NEWS 2020-05-01

Funding to build artificial reefs

In a new project artificial coral reefs will be developed with the help of novel technology to restore biodiversity, build fisheries and improve human health.

Divers from NGO Reef Doctor building artificial reef structure in Madagascar. Photo: Reef Doctor

Healthy coral reefs threatened world wide

The global loss of coral reefs threatens human lives because these ecosystems provide food, income, and shoreline protection. The decline of reefs and rise in poverty is particularly acute in Madagascar, one of the poorest countries in the world, according to the World Bank. This project aims to increase coral reef ecosystem extent in Ranobe Bay, Madagascar, to increase fisheries landings and improve the health and well-being of coastal communities, as well as build marine science and conservation capacity in Madagascar. It will also investigate the potential for sustainable marine aquaculture alongside existing wild capture fisheries from reef ecosystems.

Healthy reef ecosystems require many species to function efficiently, to carry out critical ecosystem services and to support fish production. Most of these vital supportive species (e.g., sponges, bacteria) are challenging to collect and move.

Experimenting with novel technology

The project will use novel technology where a cage like structure (abbreviated ARMS) will first be placed on a natural healthy reef to be colonised or ”seeded” and then moved to artificial reef structures composed of locally sourced limestone boulders and concrete tubes. Limestone is ideal for artificial reef work as it mimic natural reef systems and is the perfect material to encourage reef organism settlement.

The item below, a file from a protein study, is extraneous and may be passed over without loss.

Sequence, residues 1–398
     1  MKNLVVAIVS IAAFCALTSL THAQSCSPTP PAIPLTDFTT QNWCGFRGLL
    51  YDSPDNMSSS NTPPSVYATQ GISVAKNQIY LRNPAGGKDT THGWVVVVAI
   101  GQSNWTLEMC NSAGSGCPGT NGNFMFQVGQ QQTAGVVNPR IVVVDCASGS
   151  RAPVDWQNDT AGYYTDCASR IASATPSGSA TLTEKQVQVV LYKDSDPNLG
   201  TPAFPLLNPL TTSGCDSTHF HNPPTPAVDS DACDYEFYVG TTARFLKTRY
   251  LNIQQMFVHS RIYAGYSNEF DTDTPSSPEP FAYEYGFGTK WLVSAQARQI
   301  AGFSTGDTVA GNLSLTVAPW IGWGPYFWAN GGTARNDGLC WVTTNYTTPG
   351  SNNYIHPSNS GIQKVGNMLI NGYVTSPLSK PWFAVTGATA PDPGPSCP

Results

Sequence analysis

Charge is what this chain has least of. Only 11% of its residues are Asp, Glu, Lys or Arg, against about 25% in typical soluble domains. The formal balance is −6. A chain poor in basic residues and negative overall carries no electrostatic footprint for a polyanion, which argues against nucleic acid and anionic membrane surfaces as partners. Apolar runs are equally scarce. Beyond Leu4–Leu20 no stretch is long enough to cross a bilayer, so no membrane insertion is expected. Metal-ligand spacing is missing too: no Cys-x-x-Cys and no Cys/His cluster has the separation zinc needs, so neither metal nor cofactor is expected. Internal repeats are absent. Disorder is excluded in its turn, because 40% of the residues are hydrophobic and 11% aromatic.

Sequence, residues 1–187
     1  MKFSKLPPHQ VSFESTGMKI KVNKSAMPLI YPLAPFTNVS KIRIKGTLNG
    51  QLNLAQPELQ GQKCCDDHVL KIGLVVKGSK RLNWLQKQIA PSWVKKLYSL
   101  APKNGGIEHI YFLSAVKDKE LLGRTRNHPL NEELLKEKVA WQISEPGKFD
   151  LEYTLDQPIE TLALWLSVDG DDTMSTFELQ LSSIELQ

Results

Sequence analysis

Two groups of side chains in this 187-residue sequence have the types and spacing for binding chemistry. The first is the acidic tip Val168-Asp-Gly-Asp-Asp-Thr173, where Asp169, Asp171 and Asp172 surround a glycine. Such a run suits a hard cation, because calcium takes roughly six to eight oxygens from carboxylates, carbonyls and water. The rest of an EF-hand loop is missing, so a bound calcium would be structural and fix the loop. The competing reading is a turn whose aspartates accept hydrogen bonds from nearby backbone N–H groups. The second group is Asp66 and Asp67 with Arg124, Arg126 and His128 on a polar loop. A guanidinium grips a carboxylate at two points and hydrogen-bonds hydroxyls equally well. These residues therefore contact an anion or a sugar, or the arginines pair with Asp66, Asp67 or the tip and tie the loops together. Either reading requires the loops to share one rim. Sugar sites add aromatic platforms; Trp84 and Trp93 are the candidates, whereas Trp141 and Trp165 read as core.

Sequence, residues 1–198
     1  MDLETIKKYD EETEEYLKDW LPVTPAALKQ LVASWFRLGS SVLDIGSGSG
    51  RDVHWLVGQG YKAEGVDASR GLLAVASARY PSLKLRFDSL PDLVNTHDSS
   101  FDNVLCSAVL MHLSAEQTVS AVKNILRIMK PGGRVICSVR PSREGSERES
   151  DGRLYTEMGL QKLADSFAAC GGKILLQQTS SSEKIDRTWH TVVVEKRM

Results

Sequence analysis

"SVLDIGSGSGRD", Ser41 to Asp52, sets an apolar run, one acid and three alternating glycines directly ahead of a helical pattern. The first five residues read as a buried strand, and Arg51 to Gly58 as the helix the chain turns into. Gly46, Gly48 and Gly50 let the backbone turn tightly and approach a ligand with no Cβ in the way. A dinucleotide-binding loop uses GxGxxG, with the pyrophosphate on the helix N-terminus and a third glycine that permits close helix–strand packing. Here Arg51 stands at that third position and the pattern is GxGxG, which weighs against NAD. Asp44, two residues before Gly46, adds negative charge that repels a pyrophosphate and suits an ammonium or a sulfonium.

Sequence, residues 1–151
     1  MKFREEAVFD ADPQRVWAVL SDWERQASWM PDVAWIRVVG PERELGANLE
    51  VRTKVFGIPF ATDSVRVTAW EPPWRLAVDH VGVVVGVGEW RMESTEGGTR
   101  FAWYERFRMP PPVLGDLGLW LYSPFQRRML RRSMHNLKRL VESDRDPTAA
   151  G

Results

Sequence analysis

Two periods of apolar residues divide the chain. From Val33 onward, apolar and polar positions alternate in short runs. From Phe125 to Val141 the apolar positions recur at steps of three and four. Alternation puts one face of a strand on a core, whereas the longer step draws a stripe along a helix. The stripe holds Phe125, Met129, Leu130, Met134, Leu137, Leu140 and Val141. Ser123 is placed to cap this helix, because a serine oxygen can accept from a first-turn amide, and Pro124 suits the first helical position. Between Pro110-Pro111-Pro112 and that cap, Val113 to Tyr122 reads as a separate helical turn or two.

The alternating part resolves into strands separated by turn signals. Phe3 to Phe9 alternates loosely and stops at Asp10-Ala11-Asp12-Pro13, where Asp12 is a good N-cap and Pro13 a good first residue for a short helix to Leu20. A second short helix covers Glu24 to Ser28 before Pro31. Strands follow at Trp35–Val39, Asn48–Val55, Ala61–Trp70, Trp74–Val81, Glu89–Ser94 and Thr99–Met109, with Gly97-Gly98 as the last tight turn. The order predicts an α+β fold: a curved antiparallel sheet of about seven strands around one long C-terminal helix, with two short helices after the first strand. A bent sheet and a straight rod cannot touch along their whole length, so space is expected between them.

The experiment will allow researchers to empirically test whether seeding artificial reefs with ARMS technology increases biodiversity and biomass, fish abundances, fisheries landings, human dietary diversity, human consumption of seafood, and reduces the incidence of stunting and wasting.

Aiming for local and global outcomes

Beijer researcher Max Troell is a project partner together with partners at Harvard University, IRD in France, the local University of Toliara and Madagascar based restoration NGO Reef Doctor.

Max Troell will be involved in general feasibility studies of the ARMS methodology, but his main contribution will be related to how local fish resources generated will contribute to nutrition and wellbeing of involved coastal communities.

Apart from supporting ecosystems and local communities in Madagascar, the researchers hope to create a data collection protocol that can be applied anywhere to measure the effects of marine restoration efforts in environmental and social systems. They will also try to identify how coastal marine aquaculture can be sustainably integrated with coral reef ecosystems and wild capture fisheries.